As he attempts to close what has been an elusive deal among Republicans on a Senate bill to repeal and replace Obamacare, President Donald Trump continues to make bold promises about what that bill would do — promises that all available analysis suggests the bill will not keep. Trump made a final-appeal speech on Monday, which was light on policy and heavy on pressuring Republican senators to vote for the bill when it’s expected to come to the floor for a procedural vote on Tuesday. It included one section in which the president gave a small list of how health care would change should the Better Care Reconciliation Act become law. Trump promised the new health care bill would “significantly lower premiums” and “stabilize the insurance market.” He shared horror stories of families who had relied on the Affordable Care Act for coverage but ultimately liquidated a 401(k) retirement account in order to cover their large deductibles. The truth, however, is that the Senate bill will not lower premiums for many people. For low-income Americans, in particular, premiums could rise by as much as 700 percent. Nonpartisan analysis from the Congressional Budget Office estimates that the Senate bill would destabilize the individual market. And those plans with large deductibles? They would become more common should the Senate bill become law.
“I would have to go without health insurance,” she said. “I would just stay healthy, hike, eat well. I’d be in trouble if something catastrophic happened. I would lose everything.”
ANTHEM CONSIDERING 2018 PLANS
Anthem, the second-largest U.S. health insurer, sells Blue Cross Blue Shield plans in 14 states. It has already decided to pull out of most individual markets in Nevada, Ohio, Indiana and Wisconsin in 2018. Earlier this week, Chief Executive Officer Joe Swedish said he was still weighing 2018 participation in its other states.
In states like Colorado, Georgia, Kentucky, Missouri, and Virginia, Anthem sells plans in more than 250 counties where it is the only insurer, and they could be left "bare" next year, according to government data.
Health Care Services Corp is a Blue Cross Blue Shield licensee in five states and is the only Obamacare individual insurer in more than 90 Texas counties, more than 75 Oklahoma counties, and half a dozen Illinois counties. It confirmed on Friday that it has submitted products for its five states but is still weighing next year.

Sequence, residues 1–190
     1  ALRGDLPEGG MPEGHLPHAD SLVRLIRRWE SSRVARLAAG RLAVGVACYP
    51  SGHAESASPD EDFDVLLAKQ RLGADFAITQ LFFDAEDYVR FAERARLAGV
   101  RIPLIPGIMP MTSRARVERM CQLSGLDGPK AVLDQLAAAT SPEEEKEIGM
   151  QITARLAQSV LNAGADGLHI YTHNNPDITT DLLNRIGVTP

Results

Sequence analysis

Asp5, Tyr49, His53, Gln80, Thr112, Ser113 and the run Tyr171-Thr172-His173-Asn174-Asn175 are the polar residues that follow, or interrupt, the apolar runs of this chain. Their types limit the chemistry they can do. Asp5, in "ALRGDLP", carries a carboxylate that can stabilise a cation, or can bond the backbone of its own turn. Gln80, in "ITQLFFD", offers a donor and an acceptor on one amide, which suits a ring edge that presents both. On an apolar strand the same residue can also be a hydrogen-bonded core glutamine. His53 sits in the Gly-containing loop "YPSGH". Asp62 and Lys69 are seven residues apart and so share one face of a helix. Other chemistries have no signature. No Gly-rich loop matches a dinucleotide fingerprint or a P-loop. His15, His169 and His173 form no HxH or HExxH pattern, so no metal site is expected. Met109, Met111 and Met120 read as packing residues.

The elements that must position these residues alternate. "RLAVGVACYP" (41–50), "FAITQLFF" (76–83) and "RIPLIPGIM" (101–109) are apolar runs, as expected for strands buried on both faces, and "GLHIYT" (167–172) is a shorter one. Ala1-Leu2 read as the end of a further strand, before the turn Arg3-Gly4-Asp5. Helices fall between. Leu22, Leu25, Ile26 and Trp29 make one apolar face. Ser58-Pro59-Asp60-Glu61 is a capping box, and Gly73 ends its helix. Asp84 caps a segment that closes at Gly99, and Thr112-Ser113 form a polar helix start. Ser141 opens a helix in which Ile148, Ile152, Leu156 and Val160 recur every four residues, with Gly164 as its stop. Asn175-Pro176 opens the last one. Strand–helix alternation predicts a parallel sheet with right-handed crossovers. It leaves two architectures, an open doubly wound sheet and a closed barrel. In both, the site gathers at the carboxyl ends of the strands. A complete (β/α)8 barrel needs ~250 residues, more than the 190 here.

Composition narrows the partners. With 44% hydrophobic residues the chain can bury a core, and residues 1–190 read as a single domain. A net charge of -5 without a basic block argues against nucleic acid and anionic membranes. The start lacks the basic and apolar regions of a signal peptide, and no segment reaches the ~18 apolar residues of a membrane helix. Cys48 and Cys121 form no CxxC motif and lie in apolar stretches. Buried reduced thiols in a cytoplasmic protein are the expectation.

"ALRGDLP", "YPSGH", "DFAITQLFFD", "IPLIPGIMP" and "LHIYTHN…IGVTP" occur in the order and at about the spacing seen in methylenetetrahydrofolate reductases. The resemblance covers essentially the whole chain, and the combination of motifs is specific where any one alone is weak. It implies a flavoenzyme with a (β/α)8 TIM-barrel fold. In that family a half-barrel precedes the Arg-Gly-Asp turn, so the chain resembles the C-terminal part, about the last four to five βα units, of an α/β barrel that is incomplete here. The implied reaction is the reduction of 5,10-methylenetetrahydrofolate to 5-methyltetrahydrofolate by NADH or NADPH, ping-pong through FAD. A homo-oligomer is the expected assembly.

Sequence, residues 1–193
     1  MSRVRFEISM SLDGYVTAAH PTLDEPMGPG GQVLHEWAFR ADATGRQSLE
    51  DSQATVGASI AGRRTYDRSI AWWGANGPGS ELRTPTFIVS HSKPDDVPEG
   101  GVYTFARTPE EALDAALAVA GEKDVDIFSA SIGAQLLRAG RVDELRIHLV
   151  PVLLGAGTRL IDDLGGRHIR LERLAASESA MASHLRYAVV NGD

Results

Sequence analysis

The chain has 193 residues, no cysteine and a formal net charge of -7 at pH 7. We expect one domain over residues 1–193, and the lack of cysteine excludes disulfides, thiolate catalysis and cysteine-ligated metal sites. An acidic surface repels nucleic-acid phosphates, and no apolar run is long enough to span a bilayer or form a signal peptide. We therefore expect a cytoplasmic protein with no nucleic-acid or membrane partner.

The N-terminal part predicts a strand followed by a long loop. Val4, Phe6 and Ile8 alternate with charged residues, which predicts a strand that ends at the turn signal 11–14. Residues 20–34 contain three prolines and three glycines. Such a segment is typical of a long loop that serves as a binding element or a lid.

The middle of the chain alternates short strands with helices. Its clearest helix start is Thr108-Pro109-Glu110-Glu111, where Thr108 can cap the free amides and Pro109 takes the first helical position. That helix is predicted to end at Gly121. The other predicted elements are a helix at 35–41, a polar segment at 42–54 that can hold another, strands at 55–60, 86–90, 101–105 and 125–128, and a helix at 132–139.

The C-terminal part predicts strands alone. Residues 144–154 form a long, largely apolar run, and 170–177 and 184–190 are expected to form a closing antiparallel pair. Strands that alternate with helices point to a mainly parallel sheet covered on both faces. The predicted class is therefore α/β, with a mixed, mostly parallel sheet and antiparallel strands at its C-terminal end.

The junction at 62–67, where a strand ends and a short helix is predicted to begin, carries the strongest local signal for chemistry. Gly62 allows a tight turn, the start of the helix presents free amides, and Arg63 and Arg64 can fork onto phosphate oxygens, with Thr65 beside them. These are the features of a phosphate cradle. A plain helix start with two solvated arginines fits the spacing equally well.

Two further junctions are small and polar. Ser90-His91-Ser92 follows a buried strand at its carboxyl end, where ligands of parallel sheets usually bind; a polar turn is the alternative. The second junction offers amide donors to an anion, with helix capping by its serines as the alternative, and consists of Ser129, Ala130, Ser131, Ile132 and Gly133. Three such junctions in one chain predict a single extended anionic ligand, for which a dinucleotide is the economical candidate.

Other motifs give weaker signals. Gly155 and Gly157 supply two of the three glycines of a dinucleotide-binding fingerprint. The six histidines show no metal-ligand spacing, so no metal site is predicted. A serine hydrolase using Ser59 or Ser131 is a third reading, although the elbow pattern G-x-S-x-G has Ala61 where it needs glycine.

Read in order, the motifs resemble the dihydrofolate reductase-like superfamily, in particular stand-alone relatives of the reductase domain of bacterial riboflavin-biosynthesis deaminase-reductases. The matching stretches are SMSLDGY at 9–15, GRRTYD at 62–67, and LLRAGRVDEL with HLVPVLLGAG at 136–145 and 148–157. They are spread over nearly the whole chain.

"We’re working through the regulatory filing process and hope to fully participate...in 2018, however no final decisions have been made," HCSC spokeswoman Kristen Cunningham said.
Consensus Is Health Law Can Be Fixed. Now the Hard Part.
Stabilizing the market, lowering drug prices and expanding access to coverage would go a long way to easing millions of Americans’ concerns.The seven-year-old law has survived Supreme Court decisions and aggressive attempts to extinguish it by Republicans in Congress and the White House. But even people who rely on its coverage agree that it still has big problems. The question for the roughly 20 million Americans who buy their own health coverage — and for millions of others who remain uninsured — is what can realistically be done to address their main concerns: high prices and lack of choice in many parts of the country.
Molina, which has more than 1 million members in Obamacare plans, and Cigna, with more than 250,000 participants, have said they need more certainty from the government to decide on 2018 participation and would weigh their decisions up until the late September deadline.
State insurance regulators have worked hard in recent months to replace insurers who have left. In Nevada, for instance, Centene Corp and Aetna Inc entered in some counties that Anthem left after the insurance commissioner said he would favor these insurers for its Medicaid contract bids.
But they are unlikely to find replacements for new dropouts in these final weeks, particularly if the Trump administration signals it won’t fund $8 billion in subsidies for out-of-pocket medical costs.
"There is almost no chance they would step in to participate," said Kurt Wrobel, a fellow at the Society of Actuaries and chief financial officer of the Geisinger Health Plan in Pennsylvania.
Some insurers say they will likely just raise rates and hope it works. Blue Cross Blue Shield of Michigan filed two sets of rates with the state department of insurance, one up to 32 percent higher if the fate of subsidies remains unclear.
"We don't have any plans to pull out,” said Rick Notter, director of the individual business at BCBS Michigan. “But it would certainly help to have more certainty around what the market holds."
(Additional reporting by Jilian Mincer; Editing by Michele Gershberg and Cynthia Osterman)
House Moderates Have a Bipartisan Health-Care Bill .
But will the GOP leadership allow moderates to make Obamacare work better, when conservative donors want to see it fail?And then, there are the few GOP lawmakers who are interested in lowering premiums for their constituents by passing small-bore, technocratic fixes to Obamacare (as opposed to trying to do so by sacrificing cancer patients’ regulatory protections on the altar of the almighty invisible hand).